What's Wrong With Care?
by Eleri Fowler
Ma Bibliothèque, 280pp, ISBN 9781910055717, £18.00
The Care Collective, The Care Manifesto: The Politics of Interdependence
Verso, 128pp, ISBN 1839760966, £8.99
Emma Dowling, The Care Crisis: What Caused It and How Can We End It?
Verso, 256pp, ISBN 1786630346, £16.99
‘I am writing this in April. By the time this book goes to print the world will have changed’. So begins On Care, an anthology edited by Rebecca Jagoe and Sharon Kivland. In a time of pandemic, the act of providing what is necessary to maintain someone’s life has taken on a new urgency. Covid-19 has also exposed how the ravages of austerity have left care systems stripped of the resources needed to deal with such a crisis. In turn, these conditions have compelled communities to find new ways of caring for each other, evidenced by the rise of the Mutual Aid movement. All this means that the concept of care has become especially pertinent. As the Care Collective note early on in the introduction to their Care Manifesto: ‘in sharp contrast to 2019, talk of care is currently everywhere’.
These prefaces are needed because all three books discussed here were conceived before the pandemic. Indeed, the changes wrought over the past year have only laid bare an already existing ‘crisis of care’. The demand for the vital activities that sustain and support life has long outstripped its supply due to factors such as women’s transition away from a primarily care-giving role to being part of the workforce, the exacerbation of the dismantling of the welfare state (ongoing since the 1970s) by the programme of austerity implemented after the 2008 financial crisis, as well as demographic shifts such as an aging population.
The recent publication of On Care, The Care Manifesto and Emma Dowling’s The Care Crisis, then, speaks to a rapidly growing consensus that, for a while, there has been something awry with the state of care. In varying ways, these books illuminate the breakdown of systems of care, detailing how people are not only being denied the care they need to survive, but also that the present conditions make the delivery of care unequal, difficult and oppressive.
The Care Crisis is a sociological account of the effects of the intertwining dynamics of austerity, financialisation and marketisation. For example, in a key chapter, Dowling skilfully elucidates the ‘perfect storm’ in adult social care. Austerity has slashed local authority care budgets, forcing more people to pay for care privately (if they can afford to) and councils to ‘sell off public infrastructure and contract care services out to the private sector’. This has led to ‘high-risk forms of financial investment’ where ‘expectations of high returns on capital are upheld at the expense of . . . quality of care’, as well as attempts to make care provision more profitable by increasing ‘output per unit of time’. Consequently, the ‘pressures of underfunding are offloaded onto care-workers’ who face dire working conditions, pay and job security.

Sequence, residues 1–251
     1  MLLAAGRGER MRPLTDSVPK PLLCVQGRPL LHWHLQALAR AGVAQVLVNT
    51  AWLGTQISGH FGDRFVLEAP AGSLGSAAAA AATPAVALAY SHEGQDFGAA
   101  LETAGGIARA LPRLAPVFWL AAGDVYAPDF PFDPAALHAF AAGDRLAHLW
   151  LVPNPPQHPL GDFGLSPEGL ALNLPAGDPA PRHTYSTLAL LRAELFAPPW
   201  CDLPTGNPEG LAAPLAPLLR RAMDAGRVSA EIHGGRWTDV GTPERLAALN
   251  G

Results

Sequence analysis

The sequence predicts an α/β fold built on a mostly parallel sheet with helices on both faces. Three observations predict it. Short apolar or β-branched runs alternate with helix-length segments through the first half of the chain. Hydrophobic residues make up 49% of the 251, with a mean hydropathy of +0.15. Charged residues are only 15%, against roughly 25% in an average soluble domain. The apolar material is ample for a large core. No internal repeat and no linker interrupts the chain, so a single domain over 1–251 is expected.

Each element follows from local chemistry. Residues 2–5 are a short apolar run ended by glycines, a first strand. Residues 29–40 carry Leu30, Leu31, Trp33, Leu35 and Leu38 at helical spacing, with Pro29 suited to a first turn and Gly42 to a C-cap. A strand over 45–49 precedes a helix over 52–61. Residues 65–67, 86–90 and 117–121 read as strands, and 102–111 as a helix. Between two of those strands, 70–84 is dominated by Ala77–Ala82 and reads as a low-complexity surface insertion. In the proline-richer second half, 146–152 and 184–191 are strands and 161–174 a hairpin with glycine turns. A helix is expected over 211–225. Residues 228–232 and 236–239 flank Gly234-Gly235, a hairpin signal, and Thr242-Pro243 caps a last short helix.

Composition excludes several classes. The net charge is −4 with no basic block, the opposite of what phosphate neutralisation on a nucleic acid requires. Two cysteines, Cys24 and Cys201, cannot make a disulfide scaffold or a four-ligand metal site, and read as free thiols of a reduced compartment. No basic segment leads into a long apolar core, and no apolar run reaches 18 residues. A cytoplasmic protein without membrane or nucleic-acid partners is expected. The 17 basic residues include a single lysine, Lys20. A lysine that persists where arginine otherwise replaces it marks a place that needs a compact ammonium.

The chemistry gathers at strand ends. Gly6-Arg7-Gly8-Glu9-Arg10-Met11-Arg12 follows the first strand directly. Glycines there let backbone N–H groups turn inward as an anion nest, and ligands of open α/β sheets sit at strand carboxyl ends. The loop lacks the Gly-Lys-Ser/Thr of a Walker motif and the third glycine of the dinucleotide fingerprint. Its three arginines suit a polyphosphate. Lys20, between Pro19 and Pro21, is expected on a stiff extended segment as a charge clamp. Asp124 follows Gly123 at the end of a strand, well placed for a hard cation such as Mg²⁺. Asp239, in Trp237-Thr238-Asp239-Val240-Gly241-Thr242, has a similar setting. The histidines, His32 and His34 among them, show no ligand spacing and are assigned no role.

The strength of On Care is that the creative and first-hand entries included within the anthology are able to attend to aspects of care that more systematic theory cannot account for. Care comprises the processes that underpin the progression of human life; these chapters show what a life looks like when deprived of the activities usually required to sustain it and testify to the personal consequences of being burdened with the work of care. For example, ‘Charms’ opens arrestingly with: ‘when they cut the lunchtime visit, Joan became aware of her own incontinence’. Tom Allen, informed by four years of working in an assisted living facility, describes the mutual oppression of both care-workers and residents in the contemporary privatised care home. The insights of these books emerge from a sense that care is in a critical condition. The visibility politics of care often work like this. You are only aware of the vestiges of care-work when you are confronted with the fact you need it. Precarias a la Deriva, a feminist collective based in Madrid, describe care as ‘that continuous line that is always present, because if it were not we could not continue living’. The persistence and banality of care serves to conceal it. Care is always there in the background; you don’t notice that it is keeping you alive. It is only when this line is broken and the flow is ceded that you realise how vital care is. But, crucially, these texts also ask: what caused this crisis? How do we go about solving it? And what place do we ideally want care to occupy in our society?
We may be viscerally aware from our lived experience that the infrastructures and relations that are supposed to look after people are not functioning as they should. But to fully understand the crisis, we first need to establish what care is. These books are immensely useful in helping us tease out what is actually meant by this now ubiquitous term. Care is a notoriously tricky concept to pin down; it is an activity that occupies a peculiar, contradictory and expansive position.